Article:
We live in a time, where Badshah blares out of car speakers and Ghazals do not get that many hits on music streaming platforms.
Probably, asking Gen Z to connect to a legend whose 108th birth anniversary is being celebrated, would be far reaching and that’s not what I have in mind.
Though, the feminist icon that Begum Akhtar has been, is as relevant today as it was in the days of yore.
Making a mark in the world of classical music, at a time when it was a largely male bastion against all odds makes Begum Akhtar a perfect candidate to be placed right next to the feminist icon, Simone de Beauvoir.
Born in 1914 to a courtesan in Faizabad,(U.P), she lived a life of pain and struggle.
Her father abandoned her and her twin sister. While her sister succumbed to death. She went on to make a name for herself in the annals of musical history as the Queen of Ghazals.
If Begum Akhtar would have been told during her lifetime, that she was a feminist, she wouldn’t probably know what it meant? Or what it stood for? But everything she did and stood for spelt feminism in bold capital letters.
Starting out as the child of a courtesan, abandoned by her father, physically abused by one of her teachers and sadly even raped by a patron, an affluent king who had summoned her on the pretext of singing.
At the young age of 13, Bibbi, became an unwed mother. Most people don’t experience such pain in their lifetime that she experienced in her childhood alone.
When she gave birth to a girl child, her mother decided to tell everyone that the child was Bibbi’s sibling. Bibbi felt as if her sister Zohra had come back to her life.
Though, she still continued to pine for the love of the father who abandoned her.
Bibbi had never quite gotten over the loss of her sister and would carry her handkerchief to all her recordings and performances. She would cry after every performance and if one listens to her sing closely the pain is real and her voice laden with it.
She was the only artiste in her time who was allowed to smoke on the All India Radio floors. Probably smoking or drinking and meeting her friends at will is not what makes her or anyone else a feminist. I say this because that is not the definition of feminism. But she did live by her own rules.
Begum Akhtar was meant to rule the world run by men in a different way. In fact the courtesans of the time had more freedom to move as they pleased, without the restrictions of society. Having an income of their own, they had no restrictions like the women of large societal homes.
The matrilineal courtesan culture, celebrated daughters, gave them the right to property and the kind of freedom that women from respectable homes could not even dream about. In the late ’30s and early ’40s Begum Akhtar was in the driver’s seat while men came calling to take her out to wine and dine as her film career had also taken off.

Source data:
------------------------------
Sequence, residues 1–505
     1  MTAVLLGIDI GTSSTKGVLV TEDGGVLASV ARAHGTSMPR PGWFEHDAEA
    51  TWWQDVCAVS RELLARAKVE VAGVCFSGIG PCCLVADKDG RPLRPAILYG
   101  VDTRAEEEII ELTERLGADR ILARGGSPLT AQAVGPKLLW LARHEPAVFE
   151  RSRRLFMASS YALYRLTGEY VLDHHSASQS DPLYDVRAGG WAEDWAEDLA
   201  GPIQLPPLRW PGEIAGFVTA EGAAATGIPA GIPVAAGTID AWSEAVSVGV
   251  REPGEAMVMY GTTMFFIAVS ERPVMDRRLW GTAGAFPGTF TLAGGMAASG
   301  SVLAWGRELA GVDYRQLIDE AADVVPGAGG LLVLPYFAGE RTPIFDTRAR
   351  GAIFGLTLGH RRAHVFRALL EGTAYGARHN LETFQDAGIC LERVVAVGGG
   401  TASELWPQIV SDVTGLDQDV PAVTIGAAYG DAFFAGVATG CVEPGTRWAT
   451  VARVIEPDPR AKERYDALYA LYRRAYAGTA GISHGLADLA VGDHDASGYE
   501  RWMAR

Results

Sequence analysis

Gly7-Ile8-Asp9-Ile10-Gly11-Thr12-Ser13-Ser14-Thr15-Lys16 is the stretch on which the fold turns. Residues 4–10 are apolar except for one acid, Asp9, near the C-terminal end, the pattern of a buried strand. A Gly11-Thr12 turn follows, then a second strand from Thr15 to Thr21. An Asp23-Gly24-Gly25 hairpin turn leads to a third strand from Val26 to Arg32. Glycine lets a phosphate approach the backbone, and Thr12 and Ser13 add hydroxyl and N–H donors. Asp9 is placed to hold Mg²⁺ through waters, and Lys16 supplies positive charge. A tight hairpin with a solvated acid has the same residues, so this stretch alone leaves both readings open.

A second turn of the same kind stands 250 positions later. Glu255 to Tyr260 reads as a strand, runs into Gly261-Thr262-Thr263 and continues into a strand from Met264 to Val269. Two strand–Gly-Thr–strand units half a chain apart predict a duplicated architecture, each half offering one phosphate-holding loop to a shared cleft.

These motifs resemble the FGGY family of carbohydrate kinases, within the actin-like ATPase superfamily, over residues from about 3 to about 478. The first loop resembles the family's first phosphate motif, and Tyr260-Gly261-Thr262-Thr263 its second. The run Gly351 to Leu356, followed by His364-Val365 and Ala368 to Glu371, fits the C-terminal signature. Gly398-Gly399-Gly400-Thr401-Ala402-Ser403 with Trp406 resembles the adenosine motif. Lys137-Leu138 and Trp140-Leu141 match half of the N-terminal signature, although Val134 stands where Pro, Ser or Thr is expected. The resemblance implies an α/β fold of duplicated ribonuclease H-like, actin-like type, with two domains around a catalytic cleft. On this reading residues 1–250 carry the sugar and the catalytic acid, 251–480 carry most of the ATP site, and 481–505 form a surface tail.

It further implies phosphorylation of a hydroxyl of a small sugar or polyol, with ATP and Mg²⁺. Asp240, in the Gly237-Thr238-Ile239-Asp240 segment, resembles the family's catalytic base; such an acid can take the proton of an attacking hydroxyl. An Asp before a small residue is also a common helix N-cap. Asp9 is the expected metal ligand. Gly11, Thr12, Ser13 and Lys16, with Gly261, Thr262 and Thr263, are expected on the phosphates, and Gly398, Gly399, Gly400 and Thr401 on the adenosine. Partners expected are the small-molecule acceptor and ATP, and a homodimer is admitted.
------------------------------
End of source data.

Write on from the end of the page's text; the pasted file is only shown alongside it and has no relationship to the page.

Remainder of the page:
But she was not a frivolous soul or just a show girl but an artiste of the highest calibre. A smart intelligent woman who had learnt and lived some harsh realities. That was ever present in her heart, voice and soul.
She had seen pain at the hands of her father,one of her teacher’s and an affluent king. Men from all walks and relationships had failed her.
This failure would find its way into the hearts of the public, who would be enthralled by her singing.
A playful soul she would sing with a hint of laughter,mesmerising her audience.
Her mother and uncle championed the cause of her musical education. Her first public performance was at the Earthquake Relief Fund concert in 1935. She even got the attention and appreciation of freedom fighter and poet, Sarojini Naidu who gifted her a saree on the occasion.
Even Lata Mangeshkar was her ardent fan and even requested for a Begum Akhtar Ghazal to be played on the AIR program ‘Aap Ki Farmaish’. Such was Begum Akhtar’s fan following.
From being Bibbi as a child to Akhtaribai Faizabadi, the courtesan and actress, to becoming Begum Akhtar through marriage, into a respectable family to Barrister Abbasi.
Begum found love, where one would least expect it. Such was the enigmatic charisma of this formidable feminist.
Post her marriage on the insistence of her husband, she gave up singing to follow traditional household life.
But music was her first love and distancing herself from it affected her health. The singing star who shone across radio, theatre, cinema and in live performances had to return to singing in 1949 after almost five years as an antidote.
Her husband realised keeping her away from her music was a folly on his part.
Miraculously even her health bounced back.
The life of Begum Akhtar is too large and cannot be celebrated enough.
She was a free spirit who was always questioning set norms.While being a practicing Muslim she was also a Lord Krishna Devotee.
To know the legend is to know that she is much like the title of her Ghazal “Deewana Banana hai”.
Begum Akhtar was awarded with the Padma Shri and the Sangeet Natak Academy awards during her lifetime and the Padma Vibhushan posthumously.
The life of Begum Akhtar is not just a tale of the fascinating Mallika-e-Ghazal.
But it’s also a motivational, inspiring story of the human spirit. She achieved great heights fighting against all odds and won in a world dominated by men.
The pain she had was evident in her voice. She channelled this pain to make her art even more nuanced.
She is in every true sense a champion of feminist values and her life is exemplary, of a winner who shines even in the face of adversity.
The pain in her voice became a pleasure for many ears and still continues to linger in some.
Rest in peace Bibbi!
(The writer is an Independent Media professional, Communication Coach, Radio Personality, Anchor and Performing Arts Artiste. She has a deep love for nature, animals, spirituality and culture.)